Putting Your Risk for Cancer to the Test

Everyone has a risk of developing cancer, but some are predisposed to developing certain types. Genetic testing helps discover your risk, but how does it work? Kim Provenzano, APN provides answers.

Mar. 8, 2021 2   min read

cancer genetics

Everyone has some risk of developing cancer, and in most cases, the disease develops by chance. However, some people are genetically predisposed to developing certain types of cancer such as breast, ovarian, colon and prostate cancer. The inherited risk to cancer plays a role in approximately 10-15% of all cancers.

Rochester Regional Health’s Lipson Cancer Institute provides individualized assessments and genetic testing services for people who are concerned about the potential increased risk for cancer.

Kimberly Provenzano, Advanced Practice Nurse in Genetics at the Lipson Cancer Institute, discusses how we identify at-risk individuals and their families to help prevent, detect and improve outcomes.

Who Should Get Cancer Genetic Testing?

Genetic testing is commonly recommended for people or families with multiple cases of cancer, especially at unusually young ages.

“Many patients benefit from genetic testing after a recent diagnosis of cancer in their family,” said Provenzano.” “If we find the specific gene alteration, this can inform medical management where physicians can offer more targeted and effective treatments and risk-reducing surgical strategies.”

Physicians can refer patients or they can also self-refer to learn about genetic testing and decide whether it might be useful to inform health care decisions.

How Genetic Testing Works

If you believe you’re at high risk, have had a referral for genetic testing or want to learn more about your risk for cancer, you can set up a cancer risk evaluation. These evaluations include:

  • Review of family history
  • Personal risk factors

“We discuss the potential risks and benefits of testing and help patients anticipate the implications of the results,” Provenzano said.” “For some patients, there is considerable anxiety as these gene alterations can be inherited and passed to family members.” We help facilitate discussions between patients, their family members and physicians to help people understand cancer risk and what strategies can be helpful at reducing it.

“If you meet our high-risk criteria and want to move forward with genetic testing, we’ll collect a DNA sample, either through a saliva or blood sample, and submit it to a certified lab,” explained Provenzano. “For those that are not comfortable coming into the clinic for a DNA sample, we also provide at-home saliva testing. Within a few weeks, we’ll get your results.”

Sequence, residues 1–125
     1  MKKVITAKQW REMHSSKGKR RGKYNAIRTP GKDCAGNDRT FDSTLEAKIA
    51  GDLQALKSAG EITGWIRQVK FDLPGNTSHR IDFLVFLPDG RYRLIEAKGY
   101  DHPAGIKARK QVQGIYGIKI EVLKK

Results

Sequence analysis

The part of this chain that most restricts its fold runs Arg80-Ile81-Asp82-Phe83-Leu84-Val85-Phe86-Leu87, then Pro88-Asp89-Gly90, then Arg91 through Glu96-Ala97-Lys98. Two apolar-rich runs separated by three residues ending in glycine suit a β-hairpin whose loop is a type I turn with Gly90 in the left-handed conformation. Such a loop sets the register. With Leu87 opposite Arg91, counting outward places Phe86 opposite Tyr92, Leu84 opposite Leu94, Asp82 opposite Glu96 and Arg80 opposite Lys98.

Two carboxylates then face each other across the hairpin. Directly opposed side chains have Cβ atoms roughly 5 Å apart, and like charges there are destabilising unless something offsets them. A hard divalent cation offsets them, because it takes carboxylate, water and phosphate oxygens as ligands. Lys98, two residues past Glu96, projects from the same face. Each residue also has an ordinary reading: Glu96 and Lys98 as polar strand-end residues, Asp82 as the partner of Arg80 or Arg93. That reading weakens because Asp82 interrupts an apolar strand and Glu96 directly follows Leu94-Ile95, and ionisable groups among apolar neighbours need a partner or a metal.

Issues with Direct-to-Consumer Genetic Testing

23andMe and companies like Ancestry DNA, offer similar types of health screening, however, these tests have technical limitations including accuracy and precision.

“As many as 40% of direct-to-consumer tests yield an incorrect result that can lead to improper management and possible harm,” said Provenzano. “If you’ve had an at-home test through one of these companies, I often recommend repeating your test using a clinical laboratory to ensure accuracy.”

These “direct-to-consumer” tests are not covered by insurance and can be expensive. Personal data may be vulnerable or improperly protected and even released to third parties. And, inadequate post-test counseling leads to a misunderstanding regarding the significance of the results and how the information should be integrated into future healthcare.

“People shouldn’t learn about their risk of cancer through the mail. It takes a multidisciplinary team of specialists, including surgeons, oncologists, primary care physicians, and nurses to help people navigate through this journey.”

NEXT STEPS Get Started with Genetic Testing

The Lipson Cancer Institute provides a myriad of professional and medical services that help patients and their families address the implications of increased risk for cancer. Cancer risk assessment and genetic testing services are offered at all of Lipson Cancer Institute’s locations. Visit the link below or call (585) 922-6DNA (362).

Learn More about the Cancer Genetics Program
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